sun 14/08/2022

Heidi Vogel, Pizza Express Jazz Club | reviews, news & interviews

Heidi Vogel, Pizza Express Jazz Club

Heidi Vogel, Pizza Express Jazz Club

Cinematic Orchestra vocalist seduces the senses in Brazilian repertoire

While the physical and mechanical elements of its production are common to all, the sound of a person's voice is as individual as a fingerprint. Launching her Brazilian-themed solo album Lágrimas de um pássaro (Tears of a Bird) in the intimate surroundings of Soho's Pizza Express Jazz Club, Heidi Vogel's extraordinarily rich and complex vocal timbre proved capable of completely seducing the senses.

You sensed from the very opening bars of Tom Jobim's “Modinha” that the material, musicians and audience were in perfect harmony. A singer who is as naturally sympathetic to the Brazilian idiom as anyone, her capacity to unfurl long-lined melodies is remarkable. She manages to balance the music's introspective sensibilities and its quietly dramatic inner core to telling effect, such that she can lift the soul while simultaneously breaking your heart. As fellow singer Ian Shaw puts it, “I defy anyone not to fall into Heidi Vogel's deeply soulful, sometimes fragile but always gorgeous voice.” On songs such as Vinicius de Moraes's “Medo de amar” that fragile, light-as-air quality was very much to the fore, but it's when Vogel opened up and switched from head voice to chest voice that you really experienced the direct expression of her soul.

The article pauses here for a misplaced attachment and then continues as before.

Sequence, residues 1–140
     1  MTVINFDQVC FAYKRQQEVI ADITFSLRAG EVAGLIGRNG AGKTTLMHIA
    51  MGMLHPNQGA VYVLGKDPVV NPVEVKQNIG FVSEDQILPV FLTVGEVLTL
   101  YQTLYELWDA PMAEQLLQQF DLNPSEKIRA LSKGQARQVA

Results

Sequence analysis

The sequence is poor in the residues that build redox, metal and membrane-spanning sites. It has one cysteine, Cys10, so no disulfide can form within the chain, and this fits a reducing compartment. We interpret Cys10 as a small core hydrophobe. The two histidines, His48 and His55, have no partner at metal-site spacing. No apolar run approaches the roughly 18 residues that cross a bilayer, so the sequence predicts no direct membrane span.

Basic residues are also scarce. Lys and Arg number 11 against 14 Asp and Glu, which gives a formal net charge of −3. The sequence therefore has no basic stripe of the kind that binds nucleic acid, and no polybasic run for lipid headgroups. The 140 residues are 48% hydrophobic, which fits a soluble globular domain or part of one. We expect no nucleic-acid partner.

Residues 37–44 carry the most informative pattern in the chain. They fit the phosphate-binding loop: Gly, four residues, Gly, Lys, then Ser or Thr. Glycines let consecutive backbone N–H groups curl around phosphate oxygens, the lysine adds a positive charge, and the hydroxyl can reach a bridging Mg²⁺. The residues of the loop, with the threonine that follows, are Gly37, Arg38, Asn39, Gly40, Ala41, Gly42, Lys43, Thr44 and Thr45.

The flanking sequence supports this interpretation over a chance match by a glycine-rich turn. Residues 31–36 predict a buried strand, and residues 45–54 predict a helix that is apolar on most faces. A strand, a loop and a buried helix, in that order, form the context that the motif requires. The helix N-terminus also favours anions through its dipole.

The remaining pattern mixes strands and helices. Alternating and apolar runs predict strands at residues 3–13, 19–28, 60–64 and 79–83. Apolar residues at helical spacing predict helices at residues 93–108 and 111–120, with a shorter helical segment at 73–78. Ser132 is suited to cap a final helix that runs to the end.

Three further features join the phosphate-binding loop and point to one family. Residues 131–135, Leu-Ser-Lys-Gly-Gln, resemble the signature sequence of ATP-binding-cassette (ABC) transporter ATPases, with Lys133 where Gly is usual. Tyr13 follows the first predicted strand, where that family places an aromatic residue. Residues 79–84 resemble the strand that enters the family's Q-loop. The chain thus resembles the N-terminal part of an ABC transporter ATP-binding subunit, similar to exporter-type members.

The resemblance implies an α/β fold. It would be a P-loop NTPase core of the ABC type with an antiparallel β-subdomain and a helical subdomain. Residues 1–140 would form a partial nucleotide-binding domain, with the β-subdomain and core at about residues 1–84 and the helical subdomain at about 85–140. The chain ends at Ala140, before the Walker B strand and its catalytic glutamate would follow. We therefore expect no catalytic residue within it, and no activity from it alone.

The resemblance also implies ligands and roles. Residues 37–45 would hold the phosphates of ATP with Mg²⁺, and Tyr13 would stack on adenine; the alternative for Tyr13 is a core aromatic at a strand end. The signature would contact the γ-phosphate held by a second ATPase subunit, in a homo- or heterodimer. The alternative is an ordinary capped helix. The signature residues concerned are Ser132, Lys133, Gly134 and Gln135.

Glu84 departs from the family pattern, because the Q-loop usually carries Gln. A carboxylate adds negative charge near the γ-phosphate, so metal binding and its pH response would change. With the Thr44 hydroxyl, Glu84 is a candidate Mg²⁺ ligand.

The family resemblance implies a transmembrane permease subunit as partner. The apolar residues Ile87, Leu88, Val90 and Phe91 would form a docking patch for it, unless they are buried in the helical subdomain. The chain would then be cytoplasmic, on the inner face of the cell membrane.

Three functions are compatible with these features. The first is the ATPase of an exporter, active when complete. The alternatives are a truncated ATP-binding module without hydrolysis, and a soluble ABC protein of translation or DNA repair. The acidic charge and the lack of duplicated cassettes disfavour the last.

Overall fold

Recorded in recent times by both Kurt Elling (Nightmoves) and Esperanza Spalding (Chamber Music Society), I've never heard “Inútil paisagem” (“Useless Landscape”) sung with greater intensity or depth of feeling. Her singing here seemed to crystallise that singular quality of calm sorrow which is such an ineluctable stylistic trait of Brazilian music. Up-tempo songs such as “The Frog” were stuffed with ear-catching detail, with Vogel pursuing every last tricky syllable with absolute clarity and rhythmic precision. 

On Lágrimas the Cinematic Orchestra vocalist is accompanied for the most part solely by Josue Ferreira's guitar, with just the occasional thickening of the texture provided by piano, bass or cello. In addition to Ferreira, the formidable line-up which the singer had assembled for this live set included vocalist Cleveland Watkiss, pianists Ivo Neame and Austin Peralta, trumpeter Jay Phelps and Gilad Atzmon doubling on sax and clarinet. The musical understanding between Ferreira and Neame (who took on the lion's share of piano duties) was key – the music can soon start to sound incredibly cluttered if piano and guitar aren't in complete harmonic agreement – and it was no surprise to see the two sat in close proximity. Bassist Davide Mantovani, drummer Shane Forbes and percussionist Adriano Adewale ensured that the rhythms remained buoyant and pleasingly transparent.

Watkiss, who guests on two of the album's songs (Joe Henderson's “Black Narcissus” and Ivan Lins' “Love Dance”), proved just about the ideal duet partner for Vogel, sharing both a sense of improvisational freedom and an ability to construct compelling, dramatic narratives irrespective of tempo. Their readings of Wayne Shorter's “Footprints” and Horace Silver's “Sister Sadie” will both linger long in the memory.

Watch Heidi Vogel performing with The Cinematic Orchestra

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